Lung Cancer

“Just as radiation therapy and chemotherapy identified a new way to treat cancer in the 20th century, Qu Biologics’ SSIs are identifying a new way for the 21st century.”

 ~ Dr. Simon Sutcliffe, Chief Medical Officer, Qu Biologics

Qu Biologics’ QBKPN SSI, derived from components of inactivated K. pneumoniae, is designed to stimulate an innate immune response in the lungs and reverse the immune dysfunction that underlies cancer development and progression. Qu has completed a Health Canada-approved clinical trial at the BC Cancer Agency Research Centre to evaluate immunological response to SSI treatment in patients with recurrent lung cancer. A summary of the key results has been published in OncoImmunology.

Restoring immune function to treat lung cancer

Unlike current treatments that target the cancer cells, Qu’s SSIs are designed to activate the patient’s own immune cells, restoring normal immune function. Treatment with lung targeted QBKPN SSI, derived from components of inactivated K. pneumoniae (a common lung pathogen), recruits activated innate immune cells to the lungs, re-establishing the body’s capacity to mount an effective anti-cancer immune response. Read more about How SSIs Work.

Lungs

Qu Biologics’ lung cancer clinical trial

Qu Biologics has completed a Health Canada-approved Phase 1/2 exploratory clinical trial to evaluate the mechanism of action and the safety, tolerability and compliance of QBKPN SSI treatment in patients with recurrent non-small cell lung cancer. The study took place at the B.C. Cancer Agency, in Vancouver, B.C., and was led by Principal Investigator Dr. Stephen Lam, a leading Canadian lung cancer detection and prevention clinical researcher. In addition to assessing safety, the trial was designed to look at the immunological effects of SSI treatment over a 12-week period.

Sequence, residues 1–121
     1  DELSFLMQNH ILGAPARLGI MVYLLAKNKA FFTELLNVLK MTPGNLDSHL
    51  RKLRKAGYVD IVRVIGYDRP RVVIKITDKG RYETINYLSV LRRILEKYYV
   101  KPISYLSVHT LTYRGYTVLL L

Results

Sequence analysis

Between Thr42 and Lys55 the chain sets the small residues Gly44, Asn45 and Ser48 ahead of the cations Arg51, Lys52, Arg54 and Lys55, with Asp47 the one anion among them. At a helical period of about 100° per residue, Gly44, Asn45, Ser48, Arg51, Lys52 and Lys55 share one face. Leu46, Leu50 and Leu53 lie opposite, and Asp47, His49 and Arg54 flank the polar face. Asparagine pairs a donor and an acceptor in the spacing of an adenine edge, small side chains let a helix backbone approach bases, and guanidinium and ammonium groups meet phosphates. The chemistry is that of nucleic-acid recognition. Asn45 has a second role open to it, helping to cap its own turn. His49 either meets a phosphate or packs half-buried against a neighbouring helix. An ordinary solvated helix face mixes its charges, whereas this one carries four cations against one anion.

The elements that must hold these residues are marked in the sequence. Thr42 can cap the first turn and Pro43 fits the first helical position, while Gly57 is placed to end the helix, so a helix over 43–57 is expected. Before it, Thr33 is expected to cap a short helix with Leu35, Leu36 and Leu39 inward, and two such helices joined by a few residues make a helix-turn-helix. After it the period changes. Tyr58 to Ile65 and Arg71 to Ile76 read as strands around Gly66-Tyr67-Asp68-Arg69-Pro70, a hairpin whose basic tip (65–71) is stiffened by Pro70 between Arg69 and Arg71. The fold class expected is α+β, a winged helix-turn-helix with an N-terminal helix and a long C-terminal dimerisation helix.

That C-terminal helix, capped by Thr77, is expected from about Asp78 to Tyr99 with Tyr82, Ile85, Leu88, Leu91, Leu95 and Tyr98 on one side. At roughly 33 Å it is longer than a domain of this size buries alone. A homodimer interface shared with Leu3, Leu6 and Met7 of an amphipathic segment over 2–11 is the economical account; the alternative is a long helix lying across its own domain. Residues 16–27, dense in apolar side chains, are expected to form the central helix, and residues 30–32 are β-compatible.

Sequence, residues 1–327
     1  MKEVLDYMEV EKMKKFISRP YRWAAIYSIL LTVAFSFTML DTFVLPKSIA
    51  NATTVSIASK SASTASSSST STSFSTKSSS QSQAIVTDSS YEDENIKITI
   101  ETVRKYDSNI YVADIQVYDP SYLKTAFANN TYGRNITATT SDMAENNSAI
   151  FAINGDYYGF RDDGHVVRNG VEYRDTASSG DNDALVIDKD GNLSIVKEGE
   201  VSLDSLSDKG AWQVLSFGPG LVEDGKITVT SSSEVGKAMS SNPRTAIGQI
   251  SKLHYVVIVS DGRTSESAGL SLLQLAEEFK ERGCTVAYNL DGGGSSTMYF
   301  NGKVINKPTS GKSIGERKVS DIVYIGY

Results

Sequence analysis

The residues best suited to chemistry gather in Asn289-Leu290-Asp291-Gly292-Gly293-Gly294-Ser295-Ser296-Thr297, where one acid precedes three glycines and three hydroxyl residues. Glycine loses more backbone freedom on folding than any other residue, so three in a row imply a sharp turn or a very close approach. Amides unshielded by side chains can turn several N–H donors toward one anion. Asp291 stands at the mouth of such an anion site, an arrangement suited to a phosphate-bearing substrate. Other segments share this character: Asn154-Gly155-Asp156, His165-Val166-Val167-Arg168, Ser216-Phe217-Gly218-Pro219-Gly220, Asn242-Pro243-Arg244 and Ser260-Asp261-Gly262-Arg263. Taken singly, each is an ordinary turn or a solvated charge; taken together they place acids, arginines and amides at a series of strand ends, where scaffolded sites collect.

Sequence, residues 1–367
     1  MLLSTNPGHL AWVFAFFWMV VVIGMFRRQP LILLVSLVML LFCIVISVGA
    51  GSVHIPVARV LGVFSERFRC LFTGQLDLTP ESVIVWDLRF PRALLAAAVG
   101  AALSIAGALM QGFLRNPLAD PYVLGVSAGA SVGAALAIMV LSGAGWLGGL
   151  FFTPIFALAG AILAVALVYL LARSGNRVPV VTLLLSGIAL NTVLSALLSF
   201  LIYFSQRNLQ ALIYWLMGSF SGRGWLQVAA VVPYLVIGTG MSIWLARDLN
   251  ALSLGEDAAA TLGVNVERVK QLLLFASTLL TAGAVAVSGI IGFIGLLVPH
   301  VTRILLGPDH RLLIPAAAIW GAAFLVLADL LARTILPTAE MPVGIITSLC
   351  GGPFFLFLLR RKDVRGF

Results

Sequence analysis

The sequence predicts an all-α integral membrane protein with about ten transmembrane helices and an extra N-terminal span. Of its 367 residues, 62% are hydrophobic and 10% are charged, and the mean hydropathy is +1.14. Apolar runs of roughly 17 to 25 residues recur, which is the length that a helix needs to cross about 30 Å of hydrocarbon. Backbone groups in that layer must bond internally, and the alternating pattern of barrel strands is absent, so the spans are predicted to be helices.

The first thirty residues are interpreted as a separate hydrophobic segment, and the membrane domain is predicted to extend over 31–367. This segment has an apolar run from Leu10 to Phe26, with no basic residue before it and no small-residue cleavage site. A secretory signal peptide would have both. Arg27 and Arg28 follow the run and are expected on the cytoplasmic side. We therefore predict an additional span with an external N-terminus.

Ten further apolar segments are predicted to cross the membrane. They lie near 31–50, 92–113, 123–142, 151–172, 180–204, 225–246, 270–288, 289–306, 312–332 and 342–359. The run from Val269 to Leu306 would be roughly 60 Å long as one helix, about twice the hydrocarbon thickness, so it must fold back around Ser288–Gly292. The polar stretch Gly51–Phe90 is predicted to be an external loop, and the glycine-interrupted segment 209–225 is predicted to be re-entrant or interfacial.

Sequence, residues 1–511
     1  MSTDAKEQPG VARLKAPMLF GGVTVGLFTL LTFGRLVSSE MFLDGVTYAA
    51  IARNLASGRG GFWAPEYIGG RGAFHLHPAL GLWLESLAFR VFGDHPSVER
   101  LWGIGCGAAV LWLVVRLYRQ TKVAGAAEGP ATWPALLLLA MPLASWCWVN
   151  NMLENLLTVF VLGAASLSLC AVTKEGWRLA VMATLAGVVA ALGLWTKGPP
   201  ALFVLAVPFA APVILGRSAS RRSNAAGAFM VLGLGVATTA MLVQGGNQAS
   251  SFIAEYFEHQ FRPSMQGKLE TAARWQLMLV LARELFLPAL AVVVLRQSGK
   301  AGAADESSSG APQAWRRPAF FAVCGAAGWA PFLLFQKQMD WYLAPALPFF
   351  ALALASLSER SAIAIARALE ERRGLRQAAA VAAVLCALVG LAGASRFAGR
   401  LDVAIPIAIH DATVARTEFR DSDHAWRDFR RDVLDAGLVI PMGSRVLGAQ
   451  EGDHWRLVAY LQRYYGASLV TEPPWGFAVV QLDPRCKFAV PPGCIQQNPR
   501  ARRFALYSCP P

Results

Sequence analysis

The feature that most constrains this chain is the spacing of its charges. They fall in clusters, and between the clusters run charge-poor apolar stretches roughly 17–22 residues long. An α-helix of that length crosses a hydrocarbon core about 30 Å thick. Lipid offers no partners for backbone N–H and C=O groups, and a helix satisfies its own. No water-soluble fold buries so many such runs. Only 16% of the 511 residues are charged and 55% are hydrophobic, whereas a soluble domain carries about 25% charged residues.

As published in OncoImmunology, results indicated that QBKPN treatment was well tolerated and induced anti-cancer immunological changes. Further, computed tomography (CT) scans were stable over the 12-week period of QBKPN administration. Importantly, QBKPN treatment was found to reduce expression of both PD-1 and PD-L1, two molecules that inhibit immune cells from attacking cancer. Immunological studies suggested that further studies of peripheral blood M1:M2 ratios and PD-1 and PD-L1 expression in patients with lung cancer may provide insights into the mechanism of action of SSIs and justify further clinical study.

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